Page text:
1910 census Westfield NJ showing James and Sarah Chambers
Sunday, May 12, 2013
The Chambers family of NB, NS, NJ, MA
There is another family that may have moved to
Nova Scotia from because they too, were
Loyalists. Not much information has been uncovered concerning this family and
how they came to be in Westchester,
NY Nova Scotia.
There are other possibilities. This family, the Chambers, may have come from MA
when the lands were opening up as free grants in Canada. At least one family by this
name went to .
Still another possibility is that they came directly from Hants County, NS Scotland or Yorkshire,
again, when the free land grants were available. So far nothing evidentiary has
come to light. It has also been suggested that this name was Chalmers,
originally, eventually becoming Chambers through a variety of misspellings and
My grandmother was born Alvina Chambers in
New Brunswick. Her father was lost at sea
when she was 7 years old. Her Chambers grandparents had already moved or were
soon to move to Her grandfather, James Chambers, was a
ship builder and was following the industry as it grew bigger and stronger in
the Bath ME. USA.
The age of iron ships was booming and the building of wooden ships in
was dwindling rapidly. The economy in Dorchester NB Dorchester
was obviously affected by this. Thus began a time when many young people left
for the Boston States, as it seemed to be called when you moved to New England. This must have been a horrible time for my
gt. grandmother, Rebecca Cole Chambers. She also had a son, Percy, who was a
year and 4 mos. old when his father was lost at sea. My grandmother told the
story that the insurance man was at the house when someone came from the docks
to tell Alexander that the Arabella
was ready to set sail and the tide was right. He had to leave in a hurry saying
he would sign the insurance papers when he got back. My gt. grandmother and
children stood on the hill and watched his ship sail over the horizon, never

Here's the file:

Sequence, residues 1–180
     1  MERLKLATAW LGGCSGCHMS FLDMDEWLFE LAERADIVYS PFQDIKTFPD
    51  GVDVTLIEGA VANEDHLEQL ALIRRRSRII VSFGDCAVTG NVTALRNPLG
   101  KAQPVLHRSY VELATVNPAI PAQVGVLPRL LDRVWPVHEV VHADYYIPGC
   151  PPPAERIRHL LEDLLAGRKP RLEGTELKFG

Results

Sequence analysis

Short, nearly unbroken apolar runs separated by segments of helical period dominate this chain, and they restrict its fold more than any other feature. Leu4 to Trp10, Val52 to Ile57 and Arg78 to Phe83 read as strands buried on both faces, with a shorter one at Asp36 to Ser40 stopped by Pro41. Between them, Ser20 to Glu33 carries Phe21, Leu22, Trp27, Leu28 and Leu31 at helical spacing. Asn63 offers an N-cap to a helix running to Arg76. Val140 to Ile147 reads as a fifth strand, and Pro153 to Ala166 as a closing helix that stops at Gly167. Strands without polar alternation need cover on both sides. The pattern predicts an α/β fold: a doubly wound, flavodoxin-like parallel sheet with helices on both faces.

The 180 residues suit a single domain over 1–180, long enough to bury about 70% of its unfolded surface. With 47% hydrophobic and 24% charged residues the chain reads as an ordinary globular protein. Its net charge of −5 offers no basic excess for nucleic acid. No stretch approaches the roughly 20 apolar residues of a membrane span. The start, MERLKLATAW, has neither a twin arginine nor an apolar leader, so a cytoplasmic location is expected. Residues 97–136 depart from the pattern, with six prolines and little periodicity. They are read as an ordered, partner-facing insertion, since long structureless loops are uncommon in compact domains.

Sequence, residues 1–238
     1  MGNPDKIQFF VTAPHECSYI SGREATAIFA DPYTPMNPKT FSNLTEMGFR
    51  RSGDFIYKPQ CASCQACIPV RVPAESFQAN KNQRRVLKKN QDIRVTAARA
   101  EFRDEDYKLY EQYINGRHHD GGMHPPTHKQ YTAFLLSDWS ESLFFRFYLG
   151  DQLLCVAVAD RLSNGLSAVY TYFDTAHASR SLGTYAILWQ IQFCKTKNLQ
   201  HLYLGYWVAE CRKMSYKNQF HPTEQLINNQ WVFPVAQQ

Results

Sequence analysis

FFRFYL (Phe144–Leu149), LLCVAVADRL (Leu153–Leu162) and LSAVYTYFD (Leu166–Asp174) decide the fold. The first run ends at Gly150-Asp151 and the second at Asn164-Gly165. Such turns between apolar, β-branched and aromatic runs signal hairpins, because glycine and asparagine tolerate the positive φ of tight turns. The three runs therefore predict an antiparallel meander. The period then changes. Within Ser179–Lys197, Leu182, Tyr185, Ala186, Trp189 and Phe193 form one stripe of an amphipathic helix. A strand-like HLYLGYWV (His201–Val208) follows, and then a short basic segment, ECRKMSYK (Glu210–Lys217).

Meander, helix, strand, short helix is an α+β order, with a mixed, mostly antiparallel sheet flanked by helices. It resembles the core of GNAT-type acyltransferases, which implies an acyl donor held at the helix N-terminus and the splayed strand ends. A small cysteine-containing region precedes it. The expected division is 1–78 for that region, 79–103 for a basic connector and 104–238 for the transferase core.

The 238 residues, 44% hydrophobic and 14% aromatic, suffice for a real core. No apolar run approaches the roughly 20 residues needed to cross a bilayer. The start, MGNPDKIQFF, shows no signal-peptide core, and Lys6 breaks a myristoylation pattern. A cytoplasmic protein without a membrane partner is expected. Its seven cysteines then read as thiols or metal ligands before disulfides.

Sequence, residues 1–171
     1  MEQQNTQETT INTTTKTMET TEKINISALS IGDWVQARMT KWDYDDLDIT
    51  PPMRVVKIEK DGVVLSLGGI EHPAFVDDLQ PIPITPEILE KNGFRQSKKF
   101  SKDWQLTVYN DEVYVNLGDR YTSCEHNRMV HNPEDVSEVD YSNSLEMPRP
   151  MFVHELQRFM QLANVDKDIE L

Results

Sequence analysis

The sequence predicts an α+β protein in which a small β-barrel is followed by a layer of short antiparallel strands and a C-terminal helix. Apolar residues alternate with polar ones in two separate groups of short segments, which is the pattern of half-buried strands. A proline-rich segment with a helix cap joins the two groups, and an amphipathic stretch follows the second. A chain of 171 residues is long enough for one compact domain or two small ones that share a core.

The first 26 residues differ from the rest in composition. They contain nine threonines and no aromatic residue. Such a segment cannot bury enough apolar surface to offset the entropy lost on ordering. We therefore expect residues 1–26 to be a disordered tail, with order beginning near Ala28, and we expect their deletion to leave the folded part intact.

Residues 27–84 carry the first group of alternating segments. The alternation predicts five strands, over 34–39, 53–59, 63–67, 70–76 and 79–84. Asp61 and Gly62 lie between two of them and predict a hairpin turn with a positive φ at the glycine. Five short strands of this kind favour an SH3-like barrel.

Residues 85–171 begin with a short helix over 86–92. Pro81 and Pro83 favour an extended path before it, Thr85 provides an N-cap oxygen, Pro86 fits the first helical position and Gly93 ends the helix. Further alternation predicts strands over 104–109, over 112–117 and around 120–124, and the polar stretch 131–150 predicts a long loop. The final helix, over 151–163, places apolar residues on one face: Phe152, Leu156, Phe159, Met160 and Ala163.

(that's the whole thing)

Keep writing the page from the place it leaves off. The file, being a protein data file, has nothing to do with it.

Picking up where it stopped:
knowing they would never see it or any of the people on board again. Because
the insurance papers had not been signed, Rebecca and her small children were
left with no means of income.
We don’t know how she managed as my grandmother was too young to be aware of ‘grown-up’ things, but it would seem that Rebecca probably received help from her family. She wasn’t alone in this crisis as her older sister, Lucinda, who had married William E. Buck, also lost her husband on that voyage. Life wasn’t done with hurling abuse at Rebecca, however. In April 1889, her 2 ½ year old son died of Scarlet Fever. At some point, Rebecca and Alvina went to
to live with the Chambers family. We
aren’t certain how long they stayed there as Rebecca appears in the 1891
Canadian census as a housekeeper for a family in Bath ME
Sometime in the 1890’s Rebecca moved to Sackville, NB.
to live with her sister, Mame. From
there it was a quick step to the developing town of East Boston MA Winthrop, where my grandmother married and
raised a family.
What we know of the Chambers is, at best, incomplete. As always I would love input from anyone who may have more information on this family. Please tell me of any flaws or inaccuracies that might be found.
What has become a work in progress, to be verified, changed, edited, deleted begins with a man named Robert Chambers. He was probably alive between 1750 and 1820. There is an entry in the Grantbook Database for a Robert Chambers (Vol. A, page 139 Grant #92) showing the original province of registration was Nova Scotia, registration date 1784/10/15 and New Brunswick registration date 1784/12/27, for 200 acres. The location was in Meductic, Sunbury Co. and the comment says Delancy’s 1st Battalion. There is no way to determine if this is the Robert who married Margaret or a totally different Robert. The Robert known as ‘the Old Soldier’ was married to a woman named Margaret, nee unknown. It seems apparent they had a son named Samuel (1783-1873), who was married to Sarah Jane McBurnie. Records show they had children all born in NS:
*Robert (c. 1805-bef.1871)
James (1807-?) b. in
, NS Wallace Bridge
Robert (1805-1871) m. Catherine whose last name I have seen written three different ways. There is Millard, Millar and Miller to choose from. The difficulty was that I found families listed using all three spellings, all in the same time frame and all in roughly the same location. Since the early census reports usually only report head of household and not any names of children, I haven’t been able to sort out which family name should be hers.